Progarchives, the progressive rock ultimate discography

LEPROUS

Tech/Extreme Prog Metal • Norway


From Progarchives.com, the ultimate progressive rock music website

Leprous picture
Leprous biography
Founded in Notodden, Norway in 2001

LEPROUS are a Tech/Extreme band founded by Einar SOLBERG (synth,vocals) and Tor ODDMUND SUHRKE (guitar,vocals), the group went through numerous line-up shuffles before settling on the current members Halvor STRAND (bass), Øystein LANDSVERK (guitar,backing vocals)and Tobias ØRNES ANDERSEN (drums).

The members of LEPROUS are young, but despite their youth this group packs some impressive musical pedigrees. SOLBERG played live for EMPEROR and SUHRKE and STRAND were members of IHSAHN'S touring band.

In 2004 LEPROUS self-released their 3 song EP "Silent Waters" and in 2006 self-released their full-length demo album "Aeolia". The band signed to Sensory Records and released their sophomore effort "Tall Poppy Syndrome" in 2009. The band later were signed by Inside Out Music and released "Bilateral" in 2011 and "Coal" in 2013.

LEPROUS' music is hard to classify and pin down to one sub-genre. Their music is firmly rooted in prog metal, crafting songs around odd structures, predominantly clean vocals, abrupt time changes, complex rhythms and dexterous musicianship all punctuated by contrasting heavier sections but also punctuated with growling vocals and black metal shrieks. Taking elements from OPETH, DREAM THEATER, WINDS, IHSAHN, CYNIC and even PORCUPINE TREE and SONATA ARCTICA, LEPROUS assembles these influences in an odd yet undeniably appealing manner.

A very diverse band and highly recommended to ALL prog metal fans!

LEPROUS Videos (YouTube and more)


Showing only random 3 | Show all LEPROUS videos (5) | Search and add more videos to LEPROUS

Buy LEPROUS Music


LEPROUS discography


Ordered by release date | Showing ratings (top albums) | Help Progarchives.com to complete the discography and add albums

LEPROUS top albums (CD, LP, MC, SACD, DVD-A, Digital Media Download)

3.60 | 123 ratings
Aeolia
2006
4.15 | 447 ratings
Tall Poppy Syndrome
2009
3.97 | 559 ratings
Bilateral
2011
3.97 | 495 ratings
Coal
2013
3.95 | 591 ratings
The Congregation
2015
4.05 | 328 ratings
Malina
2017
3.95 | 257 ratings
Pitfalls
2019
3.69 | 156 ratings
Aphelion
2021

LEPROUS Live Albums (CD, LP, MC, SACD, DVD-A, Digital Media Download)

4.43 | 35 ratings
Live at Rockefeller Music Hall
2016
4.50 | 4 ratings
Aphelion Live 2022
2023

LEPROUS Videos (DVD, Blu-ray, VHS etc)

4.25 | 34 ratings
Live At Rockefeller Music Hall
2016

LEPROUS Boxset & Compilations (CD, LP, MC, SACD, DVD-A, Digital Media Download)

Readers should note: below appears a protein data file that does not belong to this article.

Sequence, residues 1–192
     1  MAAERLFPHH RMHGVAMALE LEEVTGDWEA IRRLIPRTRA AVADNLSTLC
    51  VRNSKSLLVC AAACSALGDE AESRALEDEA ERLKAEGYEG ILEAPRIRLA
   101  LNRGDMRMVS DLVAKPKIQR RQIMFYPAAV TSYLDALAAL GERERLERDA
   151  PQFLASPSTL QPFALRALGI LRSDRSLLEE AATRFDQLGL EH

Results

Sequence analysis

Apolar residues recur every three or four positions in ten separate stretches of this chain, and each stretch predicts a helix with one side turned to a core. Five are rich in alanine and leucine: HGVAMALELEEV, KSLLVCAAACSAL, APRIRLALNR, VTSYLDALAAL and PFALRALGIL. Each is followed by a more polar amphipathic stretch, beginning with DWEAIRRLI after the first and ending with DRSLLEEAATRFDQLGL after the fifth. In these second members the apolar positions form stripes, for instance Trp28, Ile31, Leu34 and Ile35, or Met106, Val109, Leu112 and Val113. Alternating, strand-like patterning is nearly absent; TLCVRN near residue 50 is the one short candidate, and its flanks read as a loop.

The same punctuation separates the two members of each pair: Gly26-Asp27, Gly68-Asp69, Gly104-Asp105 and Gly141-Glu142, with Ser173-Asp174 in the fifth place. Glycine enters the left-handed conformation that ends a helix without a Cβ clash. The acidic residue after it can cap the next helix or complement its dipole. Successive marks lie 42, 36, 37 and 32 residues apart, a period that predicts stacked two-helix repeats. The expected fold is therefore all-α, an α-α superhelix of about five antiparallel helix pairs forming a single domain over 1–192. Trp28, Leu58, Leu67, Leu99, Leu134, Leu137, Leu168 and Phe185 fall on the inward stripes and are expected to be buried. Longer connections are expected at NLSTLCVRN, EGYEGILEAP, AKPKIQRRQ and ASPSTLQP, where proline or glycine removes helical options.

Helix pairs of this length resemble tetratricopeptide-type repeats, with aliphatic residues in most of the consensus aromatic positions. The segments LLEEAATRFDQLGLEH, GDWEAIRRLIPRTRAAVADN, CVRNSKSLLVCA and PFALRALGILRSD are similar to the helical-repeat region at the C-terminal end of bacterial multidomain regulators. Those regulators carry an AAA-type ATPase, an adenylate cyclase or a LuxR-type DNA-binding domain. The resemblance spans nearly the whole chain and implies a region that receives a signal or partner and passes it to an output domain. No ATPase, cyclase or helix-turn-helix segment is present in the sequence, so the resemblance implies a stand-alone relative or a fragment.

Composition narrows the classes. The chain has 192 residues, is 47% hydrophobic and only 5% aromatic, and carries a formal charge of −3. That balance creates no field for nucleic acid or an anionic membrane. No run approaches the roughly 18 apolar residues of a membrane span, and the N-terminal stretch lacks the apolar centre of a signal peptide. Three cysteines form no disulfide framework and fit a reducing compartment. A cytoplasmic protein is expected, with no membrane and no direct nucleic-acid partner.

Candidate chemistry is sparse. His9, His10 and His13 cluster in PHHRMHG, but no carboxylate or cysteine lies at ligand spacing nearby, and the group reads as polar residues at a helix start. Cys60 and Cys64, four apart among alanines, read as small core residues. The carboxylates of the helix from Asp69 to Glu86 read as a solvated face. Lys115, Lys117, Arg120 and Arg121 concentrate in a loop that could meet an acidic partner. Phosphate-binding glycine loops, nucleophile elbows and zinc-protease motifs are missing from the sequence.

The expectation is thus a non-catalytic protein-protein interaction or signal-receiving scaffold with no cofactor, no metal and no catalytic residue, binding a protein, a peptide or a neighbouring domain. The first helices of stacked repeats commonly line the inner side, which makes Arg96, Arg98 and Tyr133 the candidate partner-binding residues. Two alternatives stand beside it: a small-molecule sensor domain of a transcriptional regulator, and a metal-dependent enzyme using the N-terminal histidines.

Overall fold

4.23 | 4 ratings
Aphelion (Tour Edition)
2023

LEPROUS Official Singles, EPs, Fan Club & Promo (CD, EP/LP, MC, Digital Media Download)

2.86 | 7 ratings
Silent Waters
2004
3.96 | 24 ratings
{From the Flame}
2017
4.33 | 18 ratings
Castaway Angels
2020

LEPROUS Reviews


Showing last 10 reviews only
 The Congregation by LEPROUS album cover Studio Album, 2015
3.95 | 591 ratings

BUY
The Congregation
Leprous Tech/Extreme Prog Metal

Review by A Crimson Mellotron
Prog Reviewer

3 stars 'The Congregation' is Leprous' fourth studio album, released on Inside Out Music on 25 May 2015. The mighty Norwegians had been gaining increasing attention at the time of the record's release and it seems that after three well-received and successful albums dwelling in the territory of avant-garde prog metal, they decided to capitalize on their popularity and begin to present themselves in a more streamlined way. Some lineup changes come along with the recording and release of this album, as this happens to be the first Leprous outing with Baard Kolstad on drums, an extremely technical and dexterous drummer, and Simen Børven on bass, another great addition to the band's ranks. Given the success of their previous releases, one would have great expectations for this one as well, and looking at the ratings and rankings of 'The Congregation' on various musical forums and websites, one could conclude that this is just one of the greatest releases of the decade overall.

Well, it could have been. With 'The Congregation' Leprous delivered their longest album at the time, clocking in at sixty-five minutes (or seventy, if you include the bonus track), with a total of eleven album tracks, most of which run between the six or seven-minute mark. The music is mainly composed by the band's main man, Einar Solberg, who also co-wrote most of the lyrics together with guitar player Tor Oddmund Suhrke. Right off the bat, the listener is immersed in the dark and uninviting atmosphere of the album, through opening track 'The Price', a math rock-influenced instrumental intro that leads to the beautifully sang verse and the great and memorable chorus after that. This song has gone down as one of the most recognizable and typically Leprous tracks, and it is by all means, one of the great tracks on the album. The buzzing guitars interact tightly with the technical drumming of Kolstad, topped by the flawless vocal performance of Solberg. Not to mention that this is one of the musts in their live shows. 'Third Law' is the following track, depicting perfectly the band's flamboyant way of combining electronic sounds with dazzling metal riffing. Certainly this is one of the greatest cuts in the band's entire catalogue. Next up is 'Rewind', a powerful track that builds up and climaxes in an impressive manner once again, this is the first occasion on the album where we get some harsh vocals around the last part of the song. Menacing and haunting keyboard work so far on the album, dynamic and extravagant drumming, as Baard Kolstad is introducing himself in the most impressive way, a very promising beginning to the album, and an indication that the band is tightly progressing into firmly securing their place in the prog metal pantheon.